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Characterization of universal features of partially methylated domains across tissues and species.

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Qu, Jianghan 
Ji, Xiaojing 
Wagenblast, Elvin 
Knott, Simon RV 


BACKGROUND: Partially methylated domains (PMDs) are a hallmark of epigenomes in reproducible and specific biological contexts, including cancer cells, the placenta, and cultured cell lines. Existing methods for deciding whether PMDs exist in a sample, as well as their identification, are few, often tailored to specific biological questions, and require high coverage samples for accurate identification. RESULTS: In this study, we outline a set of axioms that take a step towards a functional definition for PMDs, describe an improved method for comparable PMD detection across samples with substantially differing sequencing depths, and refine the decision criteria for whether a sample contains PMDs using a data-driven approach. Applying our method to 267 methylomes from 7 species, we corroborated recent results regarding the general association between replication timing and PMD state, and report identification of several reproducibly "escapee" genes within late-replicating domains that escape the reduced expression and hypomethylation of their immediate genomic neighborhood. We also explored the discordant PMD state of orthologous genes between human and mouse, and observed a directional association of PMD state with gene expression and local gene density. CONCLUSIONS: Our improved method makes low sequencing depth, population-level studies of PMD variation possible and our results further refine the model of PMD formation as one where sequence context and regional epigenomic features both play a role in gradual genome-wide hypomethylation.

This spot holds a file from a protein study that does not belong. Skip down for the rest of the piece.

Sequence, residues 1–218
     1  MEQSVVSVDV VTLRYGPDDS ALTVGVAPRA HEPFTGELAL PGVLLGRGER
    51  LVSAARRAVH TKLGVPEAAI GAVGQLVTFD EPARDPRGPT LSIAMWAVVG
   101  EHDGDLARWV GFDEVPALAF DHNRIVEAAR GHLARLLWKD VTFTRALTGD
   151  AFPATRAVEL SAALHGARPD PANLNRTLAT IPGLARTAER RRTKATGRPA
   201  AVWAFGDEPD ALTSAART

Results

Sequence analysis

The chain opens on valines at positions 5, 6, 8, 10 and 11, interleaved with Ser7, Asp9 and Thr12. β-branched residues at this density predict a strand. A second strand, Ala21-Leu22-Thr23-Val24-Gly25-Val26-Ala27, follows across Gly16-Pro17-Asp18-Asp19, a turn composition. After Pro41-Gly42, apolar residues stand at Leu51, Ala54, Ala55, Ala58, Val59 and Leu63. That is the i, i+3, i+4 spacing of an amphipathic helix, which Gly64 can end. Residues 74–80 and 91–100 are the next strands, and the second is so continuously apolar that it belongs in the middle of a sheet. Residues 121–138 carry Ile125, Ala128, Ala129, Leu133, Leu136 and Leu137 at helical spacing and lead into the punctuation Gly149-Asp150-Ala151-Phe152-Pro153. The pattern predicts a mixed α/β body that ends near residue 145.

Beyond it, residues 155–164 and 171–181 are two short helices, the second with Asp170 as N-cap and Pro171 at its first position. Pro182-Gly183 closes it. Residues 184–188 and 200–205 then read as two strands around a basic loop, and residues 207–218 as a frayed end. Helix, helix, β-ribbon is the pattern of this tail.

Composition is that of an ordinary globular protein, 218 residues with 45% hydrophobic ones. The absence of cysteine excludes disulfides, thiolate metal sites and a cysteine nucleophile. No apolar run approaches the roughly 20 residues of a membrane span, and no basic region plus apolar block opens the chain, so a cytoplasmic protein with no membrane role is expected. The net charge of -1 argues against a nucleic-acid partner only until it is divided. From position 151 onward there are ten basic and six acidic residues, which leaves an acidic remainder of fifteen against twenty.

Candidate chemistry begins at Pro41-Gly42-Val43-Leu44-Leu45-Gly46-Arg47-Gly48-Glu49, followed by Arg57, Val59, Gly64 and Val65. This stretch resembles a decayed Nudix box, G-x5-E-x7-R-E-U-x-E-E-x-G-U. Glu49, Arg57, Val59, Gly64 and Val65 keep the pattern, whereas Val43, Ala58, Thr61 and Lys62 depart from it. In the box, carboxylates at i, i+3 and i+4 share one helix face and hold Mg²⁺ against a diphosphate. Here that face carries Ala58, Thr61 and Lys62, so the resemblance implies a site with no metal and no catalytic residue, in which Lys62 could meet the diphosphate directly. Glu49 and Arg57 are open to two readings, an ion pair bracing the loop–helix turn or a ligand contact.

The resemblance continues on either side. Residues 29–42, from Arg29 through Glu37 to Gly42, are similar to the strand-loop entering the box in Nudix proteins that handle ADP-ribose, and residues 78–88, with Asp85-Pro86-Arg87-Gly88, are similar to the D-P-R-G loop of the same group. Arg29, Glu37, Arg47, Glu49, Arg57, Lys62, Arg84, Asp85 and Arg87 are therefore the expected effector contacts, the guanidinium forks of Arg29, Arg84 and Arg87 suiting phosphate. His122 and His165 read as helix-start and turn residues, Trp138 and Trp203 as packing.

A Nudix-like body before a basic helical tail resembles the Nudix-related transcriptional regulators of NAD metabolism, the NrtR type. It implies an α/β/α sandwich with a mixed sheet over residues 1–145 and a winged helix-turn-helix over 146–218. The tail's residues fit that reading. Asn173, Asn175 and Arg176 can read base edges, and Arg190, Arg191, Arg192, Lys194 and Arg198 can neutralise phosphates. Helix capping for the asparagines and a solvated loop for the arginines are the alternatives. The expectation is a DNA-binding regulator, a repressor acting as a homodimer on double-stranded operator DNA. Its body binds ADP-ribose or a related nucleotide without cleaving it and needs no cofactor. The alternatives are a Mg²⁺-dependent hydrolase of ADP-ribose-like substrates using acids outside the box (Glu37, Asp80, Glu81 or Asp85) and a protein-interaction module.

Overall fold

Cancer, DNA methylation, Hidden Markov models, Partially methylated domains, Animals, Cell Line, Tumor, Cells, Cultured, DNA Methylation, Epigenome, Female, Gene Expression Regulation, Neoplastic, Humans, Lung, Mammary Glands, Human, Mice, Mice, Inbred C57BL, Organ Specificity, Placenta, Pregnancy, Species Specificity

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Epigenetics Chromatin

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Springer Science and Business Media LLC